So this morning I woke up, had a cup of coffee, arrived at work, and proceeded to pass a McLaren F1 through the Nurburgring’s Karrusell. In an Audi station wagon. Not even Sabine Schmitz herself could make that claim, which is why Gran Turismo 5 has been the world’s most anticipated racing game since it was first announced some time last millennium. It makes car enthusiast dreams a reality and brings the world’s greatest cars and tracks together without the pains of air travel or giant bank accounts. Yes, we’ve waited through too many delays, but the game is finally here and we’ve spent the past few weeks mastering the premier tracks of the world from the comfort of a Sparco seat on the floor of the km break room.
The game’s career mode starts just as it has in the past four iterations. A tiny bit of money, a tough choice of how to spend it (New or used? Front- or rear-drive?) and a long series of licensing tests before one’s allowed to run higher level races. Where to start?
Actually, we decide to start with the new Special Events section, mostly just because we’re dying to try out the new karting races. They’re pretty realistic and, as a result, quite fun. While we’re generally most comfortable with the “front bumper view” that shows none of the car, go-karting is the one place where we’re really into the first-person view. We even find ourselves leaning hard into corners, not that it actually helps. Other events in the special racing category include Nascar training, rally racing, an AMG challenge at the Nurburgring, and a series of races at the Top Gear test track that involve matching sets of Lotus Elises, VW Type 2 buses, and even VW Kubelwagens. All of them garner a lot of money and a lot of experience points, which are required to unlock harder races. Completing all the license tests early on also helps build experience points and even wins some free cars to start building a garage.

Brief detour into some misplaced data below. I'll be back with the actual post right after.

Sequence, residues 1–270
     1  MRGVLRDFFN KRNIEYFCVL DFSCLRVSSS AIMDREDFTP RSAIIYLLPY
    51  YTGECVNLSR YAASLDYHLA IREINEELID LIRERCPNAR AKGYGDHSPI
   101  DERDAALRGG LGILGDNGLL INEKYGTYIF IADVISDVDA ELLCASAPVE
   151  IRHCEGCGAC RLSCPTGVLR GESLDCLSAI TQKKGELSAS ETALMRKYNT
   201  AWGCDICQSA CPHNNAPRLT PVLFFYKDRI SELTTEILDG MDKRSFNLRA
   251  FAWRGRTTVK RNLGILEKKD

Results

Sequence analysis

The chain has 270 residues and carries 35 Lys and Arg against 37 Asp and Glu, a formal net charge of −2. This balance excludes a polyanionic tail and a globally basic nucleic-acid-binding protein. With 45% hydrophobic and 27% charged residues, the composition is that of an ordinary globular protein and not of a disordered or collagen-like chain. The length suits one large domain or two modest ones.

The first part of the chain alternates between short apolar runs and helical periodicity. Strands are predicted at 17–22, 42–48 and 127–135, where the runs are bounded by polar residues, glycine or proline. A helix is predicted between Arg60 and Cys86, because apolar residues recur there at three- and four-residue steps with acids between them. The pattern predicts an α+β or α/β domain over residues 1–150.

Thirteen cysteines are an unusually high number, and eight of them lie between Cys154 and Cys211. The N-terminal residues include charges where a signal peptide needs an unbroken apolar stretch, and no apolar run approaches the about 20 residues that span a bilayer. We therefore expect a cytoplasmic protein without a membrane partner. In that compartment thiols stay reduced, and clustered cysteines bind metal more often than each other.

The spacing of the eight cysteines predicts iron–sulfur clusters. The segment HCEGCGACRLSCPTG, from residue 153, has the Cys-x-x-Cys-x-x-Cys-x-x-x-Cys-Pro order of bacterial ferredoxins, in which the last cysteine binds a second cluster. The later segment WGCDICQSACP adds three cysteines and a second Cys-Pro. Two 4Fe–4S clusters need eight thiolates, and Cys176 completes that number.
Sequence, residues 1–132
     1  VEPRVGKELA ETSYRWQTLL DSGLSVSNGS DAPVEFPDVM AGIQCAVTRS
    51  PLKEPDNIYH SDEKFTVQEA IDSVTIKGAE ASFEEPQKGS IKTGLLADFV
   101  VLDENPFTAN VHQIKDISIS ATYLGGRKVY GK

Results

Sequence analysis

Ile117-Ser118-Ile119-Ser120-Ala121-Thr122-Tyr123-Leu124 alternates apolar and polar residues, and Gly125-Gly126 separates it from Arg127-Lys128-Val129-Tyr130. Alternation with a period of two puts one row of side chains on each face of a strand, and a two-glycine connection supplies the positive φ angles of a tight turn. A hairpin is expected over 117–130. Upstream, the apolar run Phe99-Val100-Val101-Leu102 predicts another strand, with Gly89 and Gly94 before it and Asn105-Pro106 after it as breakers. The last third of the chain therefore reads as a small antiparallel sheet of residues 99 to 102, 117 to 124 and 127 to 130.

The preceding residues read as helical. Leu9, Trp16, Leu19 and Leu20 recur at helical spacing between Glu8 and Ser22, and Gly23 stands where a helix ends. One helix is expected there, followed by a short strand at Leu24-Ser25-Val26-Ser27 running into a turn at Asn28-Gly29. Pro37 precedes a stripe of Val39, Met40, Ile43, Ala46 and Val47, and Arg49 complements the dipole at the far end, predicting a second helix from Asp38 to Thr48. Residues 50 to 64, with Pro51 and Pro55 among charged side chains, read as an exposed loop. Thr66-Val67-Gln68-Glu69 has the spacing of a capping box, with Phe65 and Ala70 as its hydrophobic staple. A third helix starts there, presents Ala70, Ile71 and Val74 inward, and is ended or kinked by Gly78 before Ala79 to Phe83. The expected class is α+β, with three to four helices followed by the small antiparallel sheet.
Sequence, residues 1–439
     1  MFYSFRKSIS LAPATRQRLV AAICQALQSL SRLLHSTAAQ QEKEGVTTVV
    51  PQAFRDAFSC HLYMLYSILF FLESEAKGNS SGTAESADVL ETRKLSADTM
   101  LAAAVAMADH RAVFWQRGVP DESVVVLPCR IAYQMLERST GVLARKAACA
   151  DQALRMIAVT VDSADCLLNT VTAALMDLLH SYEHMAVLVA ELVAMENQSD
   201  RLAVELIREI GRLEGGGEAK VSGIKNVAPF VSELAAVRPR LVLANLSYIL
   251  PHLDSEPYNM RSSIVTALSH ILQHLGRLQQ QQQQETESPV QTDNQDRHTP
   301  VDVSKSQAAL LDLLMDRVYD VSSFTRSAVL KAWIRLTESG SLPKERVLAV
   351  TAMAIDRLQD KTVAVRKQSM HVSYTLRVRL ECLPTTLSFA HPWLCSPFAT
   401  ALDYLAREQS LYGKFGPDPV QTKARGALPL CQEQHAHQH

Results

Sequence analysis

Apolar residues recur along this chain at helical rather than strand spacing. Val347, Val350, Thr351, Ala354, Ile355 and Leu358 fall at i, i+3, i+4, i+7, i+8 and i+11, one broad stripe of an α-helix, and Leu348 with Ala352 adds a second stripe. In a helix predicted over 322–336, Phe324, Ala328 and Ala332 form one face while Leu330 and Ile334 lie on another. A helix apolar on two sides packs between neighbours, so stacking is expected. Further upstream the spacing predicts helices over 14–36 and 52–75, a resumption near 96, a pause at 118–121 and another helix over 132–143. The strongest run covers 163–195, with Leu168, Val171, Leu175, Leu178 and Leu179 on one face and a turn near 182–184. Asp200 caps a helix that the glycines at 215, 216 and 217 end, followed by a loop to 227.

The Gran Turismo franchise has long prided itself for being the most realistic driving simulator around and for the most part, that claim pushes forward more with GT5. Looking past the simple fact that there’s a better, very realistic in-car view and better landscape graphics, the physics of the game are really the big deal. And they are better than ever. The screen’s movements accurately match the view from a real car, and the inputs on the controls deliver accurate, expected reactions for cars with different weights, suspension tunings, and drivetrain layouts. It’s real enough that we start reacting to G forces that would be coming in an actual car, which results in immediate mocking from coworkers.
As the game moves along the cars predictably get faster, the races longer, and the whole experience a bit more addictive. As the prizes get bigger, the desire to get all gold medals grows. It makes a man do silly things, like buy a 1969 Chevy Camaro and spend $600,000 race-modifying it enough to out-race a Jaguar XJ13, a Ferrari 330 P4, and a smattering of ‘70s Chaparral race cars. The engine notes for all those different cars, we might also add, are about as good as we could expect speakers to reproduce. Supercharger whines, turbocharger blow-off, they’re all there, though some specific engine characteristics — resonances for the most part — aren’t.